Depending on your apps you likely will not see any difference running at 3.2GHz. I built several machines using the i5-750 and started my overclock at 3.2GHz. I tested the machines first and recorded the times running SuperPi. Then I overclocked to 3.2 and ran SuperPi again. I got almost the same speed, due to the cpu at stock speed overclocking itself with its turbo mode. Now when you get to 3.4GHz or so you can start to see some speed increase.

You should be able to get your cpu to 3.6, maybe 3.8, pretty easily, but there are a few other settings you will have to change.


ahh do you know what those settings I need to change would be? I kind of got confused when reading the guide.
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October 7, 2010 5:18:18 AM

http://www.hardocp.com/news/2008/11/05/asus_p6t_ram_oci...

here is a video showing u what to do to get to 3.8GHz on the ASUS P6T. ofc this video is showing one (very simple and general) way to do it but it will give u a small insight on what u will need to mess with in the BIOS. there are a lot of other options which will need manual setting for the best performance without running at high temps, thus lowering the CPUs life expectancy. the only way to do it right is by researching on the web (forums and articles) what all those settings in the BIOS represent. pple will be able to give u some pointers, especially those who have the same motherboard and CPU as u, but in the end u will need to understand what u are doing there in order to do it right.

3.2GHz from 2.8GHz will be unnoticeable, as others before me have stated. i would advise u to enjoy your new system as it is for now and start OCing after u have read some articles/threads on it and understood a little more about them. you have a nice build there which will run very smoothly. u really dont need an OC at this time. dont get discouraged, its really not that complicated, just try to understand the basics of it and everything else will start falling into place :)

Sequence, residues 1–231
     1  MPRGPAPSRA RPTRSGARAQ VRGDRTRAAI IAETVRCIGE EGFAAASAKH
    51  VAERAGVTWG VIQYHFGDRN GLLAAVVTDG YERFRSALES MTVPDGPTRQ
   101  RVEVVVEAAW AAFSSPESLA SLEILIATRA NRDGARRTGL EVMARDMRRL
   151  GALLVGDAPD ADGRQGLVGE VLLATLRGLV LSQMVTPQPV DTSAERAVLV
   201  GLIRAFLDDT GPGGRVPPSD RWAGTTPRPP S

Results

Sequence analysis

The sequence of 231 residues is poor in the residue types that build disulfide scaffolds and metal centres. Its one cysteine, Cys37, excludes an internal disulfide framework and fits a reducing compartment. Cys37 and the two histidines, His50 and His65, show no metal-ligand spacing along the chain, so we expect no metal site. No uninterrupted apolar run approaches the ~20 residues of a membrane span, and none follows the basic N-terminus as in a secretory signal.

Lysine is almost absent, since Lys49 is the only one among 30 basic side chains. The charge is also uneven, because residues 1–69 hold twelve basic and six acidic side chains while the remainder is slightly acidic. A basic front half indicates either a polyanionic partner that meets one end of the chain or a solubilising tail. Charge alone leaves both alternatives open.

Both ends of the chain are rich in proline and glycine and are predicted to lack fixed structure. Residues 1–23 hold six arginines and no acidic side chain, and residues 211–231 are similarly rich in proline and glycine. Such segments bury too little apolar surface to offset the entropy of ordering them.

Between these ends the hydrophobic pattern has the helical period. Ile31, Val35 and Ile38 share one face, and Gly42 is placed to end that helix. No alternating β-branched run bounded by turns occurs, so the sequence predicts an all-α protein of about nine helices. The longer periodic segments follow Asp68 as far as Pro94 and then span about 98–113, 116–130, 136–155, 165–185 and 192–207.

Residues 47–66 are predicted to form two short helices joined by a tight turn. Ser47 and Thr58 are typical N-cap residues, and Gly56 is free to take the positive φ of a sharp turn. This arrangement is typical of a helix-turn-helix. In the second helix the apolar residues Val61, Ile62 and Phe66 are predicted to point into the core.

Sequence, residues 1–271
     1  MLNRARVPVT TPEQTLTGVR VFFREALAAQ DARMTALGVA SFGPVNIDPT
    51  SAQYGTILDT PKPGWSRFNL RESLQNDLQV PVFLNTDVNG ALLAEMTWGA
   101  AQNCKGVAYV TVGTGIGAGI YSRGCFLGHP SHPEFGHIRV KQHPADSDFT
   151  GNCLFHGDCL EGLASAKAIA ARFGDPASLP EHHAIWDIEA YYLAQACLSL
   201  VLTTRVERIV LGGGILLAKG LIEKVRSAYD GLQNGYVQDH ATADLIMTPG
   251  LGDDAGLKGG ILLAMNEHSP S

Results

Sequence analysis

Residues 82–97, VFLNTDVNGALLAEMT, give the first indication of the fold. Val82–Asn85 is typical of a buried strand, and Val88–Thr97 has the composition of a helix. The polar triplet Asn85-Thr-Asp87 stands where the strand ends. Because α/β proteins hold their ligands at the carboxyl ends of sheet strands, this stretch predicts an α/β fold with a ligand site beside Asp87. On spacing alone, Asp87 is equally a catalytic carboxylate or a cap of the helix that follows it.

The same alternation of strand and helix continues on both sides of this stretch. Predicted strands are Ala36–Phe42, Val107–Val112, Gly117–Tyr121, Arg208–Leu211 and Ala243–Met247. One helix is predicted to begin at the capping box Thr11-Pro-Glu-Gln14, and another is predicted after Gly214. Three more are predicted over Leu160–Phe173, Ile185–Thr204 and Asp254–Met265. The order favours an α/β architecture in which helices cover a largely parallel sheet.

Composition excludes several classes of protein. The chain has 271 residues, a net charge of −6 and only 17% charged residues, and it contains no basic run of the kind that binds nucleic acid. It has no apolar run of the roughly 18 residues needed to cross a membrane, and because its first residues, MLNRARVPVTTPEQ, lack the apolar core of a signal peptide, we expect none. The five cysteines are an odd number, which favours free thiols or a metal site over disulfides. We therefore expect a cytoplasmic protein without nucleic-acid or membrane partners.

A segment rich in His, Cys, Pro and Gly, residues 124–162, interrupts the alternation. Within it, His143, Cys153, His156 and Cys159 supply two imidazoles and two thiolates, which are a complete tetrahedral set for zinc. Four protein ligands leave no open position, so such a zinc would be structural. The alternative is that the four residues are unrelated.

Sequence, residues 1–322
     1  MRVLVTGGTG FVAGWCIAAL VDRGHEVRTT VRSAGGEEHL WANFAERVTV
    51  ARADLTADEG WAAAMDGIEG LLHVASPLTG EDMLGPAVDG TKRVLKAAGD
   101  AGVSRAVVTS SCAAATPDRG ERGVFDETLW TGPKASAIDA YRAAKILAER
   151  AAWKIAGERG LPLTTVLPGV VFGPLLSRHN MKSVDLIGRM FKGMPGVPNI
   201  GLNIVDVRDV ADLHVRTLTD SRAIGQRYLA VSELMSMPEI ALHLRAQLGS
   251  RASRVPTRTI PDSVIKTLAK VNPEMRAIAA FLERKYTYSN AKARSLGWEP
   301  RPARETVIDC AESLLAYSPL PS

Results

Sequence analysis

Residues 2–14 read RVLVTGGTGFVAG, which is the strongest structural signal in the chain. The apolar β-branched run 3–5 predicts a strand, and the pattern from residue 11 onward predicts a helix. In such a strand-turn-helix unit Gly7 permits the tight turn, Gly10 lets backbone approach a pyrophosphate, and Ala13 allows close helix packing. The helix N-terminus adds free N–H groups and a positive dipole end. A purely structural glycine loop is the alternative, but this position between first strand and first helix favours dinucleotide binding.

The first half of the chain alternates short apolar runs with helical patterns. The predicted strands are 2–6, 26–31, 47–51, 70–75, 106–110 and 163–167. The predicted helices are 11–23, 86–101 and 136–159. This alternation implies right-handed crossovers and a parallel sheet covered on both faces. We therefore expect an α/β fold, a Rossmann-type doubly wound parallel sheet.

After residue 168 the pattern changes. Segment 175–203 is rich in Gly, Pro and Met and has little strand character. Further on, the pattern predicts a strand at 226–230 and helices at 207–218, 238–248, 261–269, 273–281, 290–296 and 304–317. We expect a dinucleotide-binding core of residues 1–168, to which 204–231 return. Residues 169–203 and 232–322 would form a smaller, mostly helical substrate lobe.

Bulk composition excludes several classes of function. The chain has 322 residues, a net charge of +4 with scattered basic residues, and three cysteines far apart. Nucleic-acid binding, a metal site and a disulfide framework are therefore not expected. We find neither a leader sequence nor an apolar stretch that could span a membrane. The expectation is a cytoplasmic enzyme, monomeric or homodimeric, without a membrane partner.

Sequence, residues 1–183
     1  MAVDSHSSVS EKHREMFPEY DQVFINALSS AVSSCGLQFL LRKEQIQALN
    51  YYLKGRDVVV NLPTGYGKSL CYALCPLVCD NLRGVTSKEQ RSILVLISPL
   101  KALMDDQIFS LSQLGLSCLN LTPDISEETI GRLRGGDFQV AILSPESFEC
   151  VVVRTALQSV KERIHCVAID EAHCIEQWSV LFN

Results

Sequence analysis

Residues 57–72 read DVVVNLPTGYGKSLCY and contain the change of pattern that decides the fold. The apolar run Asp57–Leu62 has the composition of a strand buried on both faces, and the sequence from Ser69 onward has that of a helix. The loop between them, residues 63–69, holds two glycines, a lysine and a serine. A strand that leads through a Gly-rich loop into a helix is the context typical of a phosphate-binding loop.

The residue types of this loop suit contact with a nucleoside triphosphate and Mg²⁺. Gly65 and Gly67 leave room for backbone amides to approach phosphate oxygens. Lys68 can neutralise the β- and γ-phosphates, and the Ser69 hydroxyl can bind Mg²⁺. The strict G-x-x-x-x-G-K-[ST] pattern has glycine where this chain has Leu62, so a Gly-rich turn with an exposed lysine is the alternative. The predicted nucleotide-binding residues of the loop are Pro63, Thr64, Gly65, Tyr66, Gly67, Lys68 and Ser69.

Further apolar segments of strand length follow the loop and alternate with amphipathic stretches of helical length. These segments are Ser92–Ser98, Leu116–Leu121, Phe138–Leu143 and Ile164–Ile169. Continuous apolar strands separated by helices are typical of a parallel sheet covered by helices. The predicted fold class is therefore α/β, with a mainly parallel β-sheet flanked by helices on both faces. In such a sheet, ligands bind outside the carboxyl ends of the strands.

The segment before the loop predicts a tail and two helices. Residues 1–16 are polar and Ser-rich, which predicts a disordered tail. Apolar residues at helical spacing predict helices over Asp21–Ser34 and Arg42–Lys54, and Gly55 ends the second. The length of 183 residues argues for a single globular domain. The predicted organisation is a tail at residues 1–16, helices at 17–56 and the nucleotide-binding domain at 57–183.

GL!
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a b à CPUs
a b K Overclocking
October 7, 2010 7:08:18 AM

The link I showed tells you the voltages and is good. I will try to explain a bit.

There is a Base Clock which the CPU runs off. To get the CPU speed you multiply the bclock by the multiplier as I said before. To raise the clock speed you must raise the bclock (if using an extreme/black edition you can raise the multiplier instead).

The bclock has a stock value of 133MHz. To raise the base clock to high levels like 180+ the VTT voltage must be increased. The best way to check for base clock stability is to lower the multiplier of the CPU so that it is running slow. This is so that you can eliminate it has a factor, get it? Then you stress the CPU with the desired base clock, if it crashes you up the VTT voltage. This is all explained in the link I presented. How about put a bit of effort in, instead of just saying you don't understand it. You could of just said what you don't understand instead of wanting to get spoon fed, then you might have been able to move forward.

I guess I'm in a bad mood. :) 
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October 8, 2010 5:44:27 PM

thanks for the help everyone =]